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Discussion Starter · #1 ·
I have read in the forums about having carbs bored with engine mods.
I have 92 Wildcat carb'd, 790cc bigbore kit, PSI Pipes, Boyeson reeds,
major porting. Still have stock carbs, no airbox- pods.

1) Will boring the carbs really make a significant difference?

2) I have heard 2mm over (to 42mm). Is this common overbore?

3) If I strip the carbs, can local machinist just bore them out, or
are there other specific skilled internal mods that need to be made by
snowmobile specialist?

Thanks in advance for any help.
 

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journeyman sled/motorhead
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You can have your 40's bored to 44 mil.
A milling machine is the best machine for the job.[/b]
I have access to a nice bar hone that works good as well. makes the straitest hole I ever seen.
 

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Discussion Starter · #4 ·
I have access to a nice bar hone that works good as well. makes the straitest hole I ever seen.[/b]
Ok, I took a close look inside a spare carb. See that you can bore it until there is just enough
curve left in intersecting slide bore so that slide seals on the sides. In other words, the
slide bore is slightly larger than the venturi bore, and has to stay that way in order for the
slide to seal on the sides where the 2 bores intersect.

So do you just use an automotive break cylinder bar hone on a drill to hone it out?
Does that type of hone really have the grit to take off a couple of mm's? How many
hours and liters of honing oil does this take?
 

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The other option is Oval boring (more CFM and drive-ability)and rifle boring (supposed to augment turbulence). Personally, unless your trying to build a screamer, going to the largest aperture in carb size usually hurts bottom and mid range power delivery. Most times, porting the inlet system to maximize the carbs that you have pays bigger dividends. Yamaha has been able to get excellent results using smaller carbs than the competition (CC wise) and still remained competitive and economical. Just my $0.02
 

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its nice machine not a drill. my buddy has it to do carbs for karts. we also use it to do 5 hp briggs blocks. have 3 differant grit of stones for it. not speedy by any means. it makes the straitest holes though. I wonder if it is worth it on a sled. when we do carbs for karts it is because we can only use their carbs and the bore has to be x size max. I think doc hit on something the velocity of the smaller carbs is hard to beat. you always give to get. question is what are you giving and what are you getting? is it worth it?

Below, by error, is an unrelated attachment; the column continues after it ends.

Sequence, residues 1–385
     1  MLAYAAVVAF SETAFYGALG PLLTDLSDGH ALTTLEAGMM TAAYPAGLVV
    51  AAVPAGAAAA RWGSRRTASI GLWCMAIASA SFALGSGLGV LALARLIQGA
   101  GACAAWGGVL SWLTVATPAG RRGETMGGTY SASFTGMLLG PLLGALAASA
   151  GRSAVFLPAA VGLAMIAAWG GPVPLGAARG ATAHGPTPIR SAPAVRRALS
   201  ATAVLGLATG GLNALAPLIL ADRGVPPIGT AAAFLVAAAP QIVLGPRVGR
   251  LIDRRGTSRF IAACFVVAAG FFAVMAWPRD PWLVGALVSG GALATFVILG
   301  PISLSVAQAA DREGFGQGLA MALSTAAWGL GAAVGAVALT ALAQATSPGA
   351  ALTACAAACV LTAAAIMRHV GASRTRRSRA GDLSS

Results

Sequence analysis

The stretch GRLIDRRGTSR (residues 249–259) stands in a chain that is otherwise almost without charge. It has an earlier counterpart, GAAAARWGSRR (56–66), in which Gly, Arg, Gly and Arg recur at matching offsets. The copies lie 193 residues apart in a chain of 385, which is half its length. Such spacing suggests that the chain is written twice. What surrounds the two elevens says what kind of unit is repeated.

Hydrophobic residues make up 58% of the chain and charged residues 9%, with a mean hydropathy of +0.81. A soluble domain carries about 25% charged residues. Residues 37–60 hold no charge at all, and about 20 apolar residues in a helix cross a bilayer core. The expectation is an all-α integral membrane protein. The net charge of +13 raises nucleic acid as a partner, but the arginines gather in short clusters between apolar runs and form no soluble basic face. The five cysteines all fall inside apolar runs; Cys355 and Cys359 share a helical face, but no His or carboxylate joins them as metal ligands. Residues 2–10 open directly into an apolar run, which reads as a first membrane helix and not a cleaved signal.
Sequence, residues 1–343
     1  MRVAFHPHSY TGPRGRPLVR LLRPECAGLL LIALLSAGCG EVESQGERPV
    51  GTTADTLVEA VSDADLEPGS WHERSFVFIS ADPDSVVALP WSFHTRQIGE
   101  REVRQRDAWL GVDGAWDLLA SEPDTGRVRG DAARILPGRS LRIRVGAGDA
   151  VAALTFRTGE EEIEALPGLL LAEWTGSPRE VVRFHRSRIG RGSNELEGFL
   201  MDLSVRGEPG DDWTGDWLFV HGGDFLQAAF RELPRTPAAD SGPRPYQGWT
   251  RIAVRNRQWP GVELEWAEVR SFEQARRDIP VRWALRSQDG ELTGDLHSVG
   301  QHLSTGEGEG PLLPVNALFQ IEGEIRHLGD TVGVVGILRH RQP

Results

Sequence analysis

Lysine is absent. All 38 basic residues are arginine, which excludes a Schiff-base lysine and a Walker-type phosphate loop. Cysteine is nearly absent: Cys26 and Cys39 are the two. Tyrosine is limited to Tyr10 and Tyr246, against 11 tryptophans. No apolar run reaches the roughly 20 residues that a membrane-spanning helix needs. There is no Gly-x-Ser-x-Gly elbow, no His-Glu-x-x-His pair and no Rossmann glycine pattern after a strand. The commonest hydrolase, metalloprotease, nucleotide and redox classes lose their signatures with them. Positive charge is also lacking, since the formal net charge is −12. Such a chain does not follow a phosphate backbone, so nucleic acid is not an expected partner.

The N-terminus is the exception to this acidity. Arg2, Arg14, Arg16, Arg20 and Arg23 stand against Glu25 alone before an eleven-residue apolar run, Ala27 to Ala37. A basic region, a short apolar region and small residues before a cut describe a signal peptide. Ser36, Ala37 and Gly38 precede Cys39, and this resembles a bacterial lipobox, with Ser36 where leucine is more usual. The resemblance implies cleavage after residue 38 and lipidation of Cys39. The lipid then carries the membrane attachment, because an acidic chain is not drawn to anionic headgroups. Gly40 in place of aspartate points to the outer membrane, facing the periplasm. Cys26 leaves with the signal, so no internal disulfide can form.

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The other option is Oval boring (more CFM and drive-ability)and rifle boring (supposed to augment turbulence). Personally, unless your trying to build a screamer, going to the largest aperture in carb size usually hurts bottom and mid range power delivery. Most times, porting the inlet system to maximize the carbs that you have pays bigger dividends. Yamaha has been able to get excellent results using smaller carbs than the competition (CC wise) and still remained competitive and economical. Just my $0.02[/b]
T doctor:
Is oval boaring elongating the aperature to take advantage of the cutaway in the slide?
 

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Not really, Oval boring allows good vacuum signal and low end properties of the stock sizing and adds more flow potential at WOT.
 

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Is it done on the horizontal plane (airflow passage)? Isn't regular boring done in the vertical plane (piston valve opening)?
 

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It's done vertically, the floor and the roof of the mixing chamber are cut. The needle jet protrudes more after the machining which creates even more of a hood.
 
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